“The problem with letting employees work remotely is that it is very difficult to transmit the values of the company,” explains Cuypers. “The challenge, to keep these young people inspired, engaged and loyal to their employers, even if they are 2,000km away.”

Work life vs beach life

For Cuypers, the number one point is that it is the companies who are the clients, that is the starting point. But it is also a balance with helping to fulfil the ambitions of young employees. The obvious benefits are for the employees because they get to travel. They also have great life experiences, they can develop their personalities and their talents. 

“How cool, to go to Valencia to stay in a cool pad with colleagues and work from 8-5. Then go in a group to go surfing or play beach volleyball. All while the company can be sure that they will keep their focus on their work and be more productive than when in an office?” asks Cuypers rhetorically.

The client, though, remains prime, they must feel comfortable sending their people abroad. And what Cuypers will ensure is that the companies will know that they can be trained, developed and feel assured that their staff will remain engaged with the culture, values and mission of the company.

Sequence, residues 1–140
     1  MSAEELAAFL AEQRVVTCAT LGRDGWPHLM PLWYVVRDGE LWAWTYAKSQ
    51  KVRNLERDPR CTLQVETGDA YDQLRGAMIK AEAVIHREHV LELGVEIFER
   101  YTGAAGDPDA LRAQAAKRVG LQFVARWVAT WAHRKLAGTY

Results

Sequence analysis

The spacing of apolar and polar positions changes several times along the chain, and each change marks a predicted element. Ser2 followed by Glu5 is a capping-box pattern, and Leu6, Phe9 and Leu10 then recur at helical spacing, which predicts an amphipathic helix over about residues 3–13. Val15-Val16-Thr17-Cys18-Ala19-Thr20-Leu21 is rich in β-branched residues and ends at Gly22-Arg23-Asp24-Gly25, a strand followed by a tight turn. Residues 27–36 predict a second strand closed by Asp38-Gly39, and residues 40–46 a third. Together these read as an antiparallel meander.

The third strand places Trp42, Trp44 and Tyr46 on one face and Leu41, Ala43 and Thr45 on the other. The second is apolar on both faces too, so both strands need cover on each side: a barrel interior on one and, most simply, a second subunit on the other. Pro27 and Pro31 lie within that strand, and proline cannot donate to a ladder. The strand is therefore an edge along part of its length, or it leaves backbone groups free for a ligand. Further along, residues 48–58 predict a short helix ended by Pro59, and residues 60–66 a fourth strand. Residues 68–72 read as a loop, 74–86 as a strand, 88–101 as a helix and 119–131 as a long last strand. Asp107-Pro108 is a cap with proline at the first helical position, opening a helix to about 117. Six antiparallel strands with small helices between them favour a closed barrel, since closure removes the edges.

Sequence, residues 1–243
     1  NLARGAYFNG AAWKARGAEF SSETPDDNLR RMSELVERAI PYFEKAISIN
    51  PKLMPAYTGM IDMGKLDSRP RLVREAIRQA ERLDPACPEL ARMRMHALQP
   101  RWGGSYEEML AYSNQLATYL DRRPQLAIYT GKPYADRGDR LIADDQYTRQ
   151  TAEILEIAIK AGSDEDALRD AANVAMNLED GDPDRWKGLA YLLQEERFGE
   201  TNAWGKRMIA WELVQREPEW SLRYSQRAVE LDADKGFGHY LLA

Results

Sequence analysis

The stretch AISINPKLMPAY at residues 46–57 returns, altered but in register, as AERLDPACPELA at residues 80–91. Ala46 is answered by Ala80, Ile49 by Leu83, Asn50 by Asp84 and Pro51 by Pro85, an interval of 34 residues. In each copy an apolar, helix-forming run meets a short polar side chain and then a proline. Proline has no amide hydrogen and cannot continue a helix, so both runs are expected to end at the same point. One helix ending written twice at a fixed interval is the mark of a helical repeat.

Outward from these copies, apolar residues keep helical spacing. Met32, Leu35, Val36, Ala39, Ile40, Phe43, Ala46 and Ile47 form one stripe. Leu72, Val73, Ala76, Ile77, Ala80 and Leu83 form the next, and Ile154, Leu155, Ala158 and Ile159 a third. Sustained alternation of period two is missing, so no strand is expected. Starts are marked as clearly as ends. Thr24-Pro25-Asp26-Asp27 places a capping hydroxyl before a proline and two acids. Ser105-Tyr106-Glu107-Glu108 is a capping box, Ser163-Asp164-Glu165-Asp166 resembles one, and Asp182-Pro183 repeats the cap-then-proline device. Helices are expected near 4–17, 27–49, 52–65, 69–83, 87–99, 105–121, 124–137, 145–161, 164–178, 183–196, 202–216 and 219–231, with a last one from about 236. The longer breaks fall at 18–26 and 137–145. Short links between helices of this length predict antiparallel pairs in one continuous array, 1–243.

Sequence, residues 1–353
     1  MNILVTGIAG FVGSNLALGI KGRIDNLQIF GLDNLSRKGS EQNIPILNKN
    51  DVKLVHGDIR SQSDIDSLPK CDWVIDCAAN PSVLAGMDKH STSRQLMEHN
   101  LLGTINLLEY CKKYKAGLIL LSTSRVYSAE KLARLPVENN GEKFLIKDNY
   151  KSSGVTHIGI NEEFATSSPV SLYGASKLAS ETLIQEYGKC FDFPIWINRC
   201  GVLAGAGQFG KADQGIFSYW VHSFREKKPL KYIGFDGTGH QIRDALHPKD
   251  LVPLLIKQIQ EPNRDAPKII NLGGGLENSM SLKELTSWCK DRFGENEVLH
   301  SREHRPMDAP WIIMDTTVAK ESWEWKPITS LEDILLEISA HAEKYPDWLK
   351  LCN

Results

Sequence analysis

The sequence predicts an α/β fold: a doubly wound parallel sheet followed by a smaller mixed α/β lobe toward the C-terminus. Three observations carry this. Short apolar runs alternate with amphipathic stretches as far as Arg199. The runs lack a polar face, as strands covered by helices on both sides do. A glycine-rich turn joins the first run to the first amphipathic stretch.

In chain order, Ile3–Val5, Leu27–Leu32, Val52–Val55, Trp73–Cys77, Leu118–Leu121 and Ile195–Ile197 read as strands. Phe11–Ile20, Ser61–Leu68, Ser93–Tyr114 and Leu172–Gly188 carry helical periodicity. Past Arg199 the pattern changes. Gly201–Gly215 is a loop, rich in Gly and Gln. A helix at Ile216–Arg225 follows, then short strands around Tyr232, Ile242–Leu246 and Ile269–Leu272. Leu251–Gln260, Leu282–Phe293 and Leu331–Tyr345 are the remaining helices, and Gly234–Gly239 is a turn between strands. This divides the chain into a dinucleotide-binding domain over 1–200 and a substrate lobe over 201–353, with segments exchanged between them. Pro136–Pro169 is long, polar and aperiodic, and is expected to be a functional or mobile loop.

Networking is a focus too

In practical terms, what Cuypers will provide is accommodation with fast wifi and infrastructure, such as comfortable housing, coworking spaces and meeting rooms, plus any IT or audiovisual equipment. They will work with clients to develop training programs and events. Networking is a focus too, always customised according to the needs of the company. And as well as work-facing activities such as the above and team-building exercises, the programs can organise cultural and leisure activities to ensure the companies young people return enriched by the experience and having grown both as people and as employees – employees who are likely to be so grateful for the opportunity that they are far more likely to stay loyal to the company by not leaving for as long as possible. 

“We can take them out for paella. We can take them horseback riding. Take them to the lagoon on bikes or electric scooters. We can take them to a flamenco show. Anything and everything that we agree in consultation with the company,” says Cuypers.

“Our ultimate goal is that we send the team back to the UK or Holland or wherever, as a team that is loyal to the company’s values, motivated, happy and having advanced personally and professionally,” Cuypers concludes.

  • To find out more about the Globexs Guided Remote Working Program, contact Loewijk Cuypers on +34 962 066 814. WhatsApp on +34 650 39 31 47 or email; 


Story by freelance journalist and writer, Eugene Costello, formerly based in east London and now living in Valencia, Spain.